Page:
Why you shouldn’t cry over the end of Toronto Fashion Week

The news that IMG has pulled the plug on Toronto Fashion Week might be shocking. But it shouldn’t be upsetting.

Canadian designers, and the local Toronto industry more specifically, have certainly been in crisis mode before.

The once popular Festival of Canadian Fashion, which launched in 1985 and won a spot in the Guinness Book of World Records for largest fashion show (Alfred Sung, 8,000 guests), fell apart after the City of Toronto purchased it in 1989. Then something called the Toronto Ready-to-wear Collections was born, with low key shows over a couple of days in hotel ballrooms. That limped along until Fashion Design Council of Canada president Robin Kay started building tents and ramping up sponsorships.

Most recently, IMG purchased Toronto Fashion Week in 2012, commercializing the event even further. But in a world of belt-tightening pretty much everywhere, a title sponsor proved tough to secure for the shows last March. This season, the decision was made to kill the event.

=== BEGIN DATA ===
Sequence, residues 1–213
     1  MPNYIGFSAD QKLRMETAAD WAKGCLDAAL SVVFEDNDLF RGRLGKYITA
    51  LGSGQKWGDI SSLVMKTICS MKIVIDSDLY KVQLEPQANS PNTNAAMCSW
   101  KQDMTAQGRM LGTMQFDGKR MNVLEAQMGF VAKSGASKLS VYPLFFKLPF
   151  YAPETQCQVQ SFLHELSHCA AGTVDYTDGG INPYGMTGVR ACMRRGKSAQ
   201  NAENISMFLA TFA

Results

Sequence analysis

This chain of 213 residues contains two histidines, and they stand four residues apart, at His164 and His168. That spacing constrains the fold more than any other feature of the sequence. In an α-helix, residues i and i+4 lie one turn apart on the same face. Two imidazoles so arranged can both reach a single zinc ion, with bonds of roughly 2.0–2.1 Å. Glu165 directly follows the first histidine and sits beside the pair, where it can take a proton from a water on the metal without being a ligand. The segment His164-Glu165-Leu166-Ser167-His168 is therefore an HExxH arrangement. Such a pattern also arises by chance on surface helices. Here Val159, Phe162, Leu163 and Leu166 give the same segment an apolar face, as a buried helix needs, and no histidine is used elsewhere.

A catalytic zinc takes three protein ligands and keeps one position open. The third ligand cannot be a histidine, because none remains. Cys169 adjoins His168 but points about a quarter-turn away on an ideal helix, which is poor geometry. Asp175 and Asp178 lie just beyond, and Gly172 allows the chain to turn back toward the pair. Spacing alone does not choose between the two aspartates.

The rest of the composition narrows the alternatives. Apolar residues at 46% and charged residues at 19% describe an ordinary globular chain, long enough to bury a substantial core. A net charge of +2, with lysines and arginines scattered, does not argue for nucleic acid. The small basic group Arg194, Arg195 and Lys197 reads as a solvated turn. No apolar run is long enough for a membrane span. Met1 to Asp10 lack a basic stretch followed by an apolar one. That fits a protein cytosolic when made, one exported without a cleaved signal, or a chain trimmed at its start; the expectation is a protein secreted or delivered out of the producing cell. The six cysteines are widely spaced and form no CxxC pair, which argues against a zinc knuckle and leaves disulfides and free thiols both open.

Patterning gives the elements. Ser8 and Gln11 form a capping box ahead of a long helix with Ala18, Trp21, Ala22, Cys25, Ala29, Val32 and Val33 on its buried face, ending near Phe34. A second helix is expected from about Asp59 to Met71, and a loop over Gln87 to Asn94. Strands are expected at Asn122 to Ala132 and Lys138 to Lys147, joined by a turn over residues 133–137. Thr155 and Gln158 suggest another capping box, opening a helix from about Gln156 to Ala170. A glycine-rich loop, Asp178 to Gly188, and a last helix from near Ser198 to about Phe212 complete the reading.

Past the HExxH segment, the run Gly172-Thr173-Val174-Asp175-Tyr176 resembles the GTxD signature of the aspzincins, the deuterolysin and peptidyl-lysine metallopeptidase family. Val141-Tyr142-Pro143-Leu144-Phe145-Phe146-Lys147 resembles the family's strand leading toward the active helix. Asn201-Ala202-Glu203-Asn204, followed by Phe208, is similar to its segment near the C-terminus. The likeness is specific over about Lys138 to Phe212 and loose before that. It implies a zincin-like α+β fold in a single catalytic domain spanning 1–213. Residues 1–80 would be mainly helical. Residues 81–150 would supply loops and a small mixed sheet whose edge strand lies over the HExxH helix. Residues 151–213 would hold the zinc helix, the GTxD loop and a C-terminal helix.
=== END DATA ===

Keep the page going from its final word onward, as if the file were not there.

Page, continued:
So Toronto might not have an official fashion week. But should we really be shedding tears? There were complaints that TFW was too long and that a shorter tighter “week” could actually result in a more compelling event. There were also questions about whether what’s shown at the tents is a true reflection of the pulse around the country (the recent international success of brands like Vejas and Beaufille highlights this further).

A group known as The Collections led by Dwayne Kennedy, Mel Ashcroft and Brian A. Richards has built a reputation for showing high quality work by respected designers in a fun, but professional setting. Sounds like a great starting point for a new fashion week that could grow, and hopefully, flourish. Finally.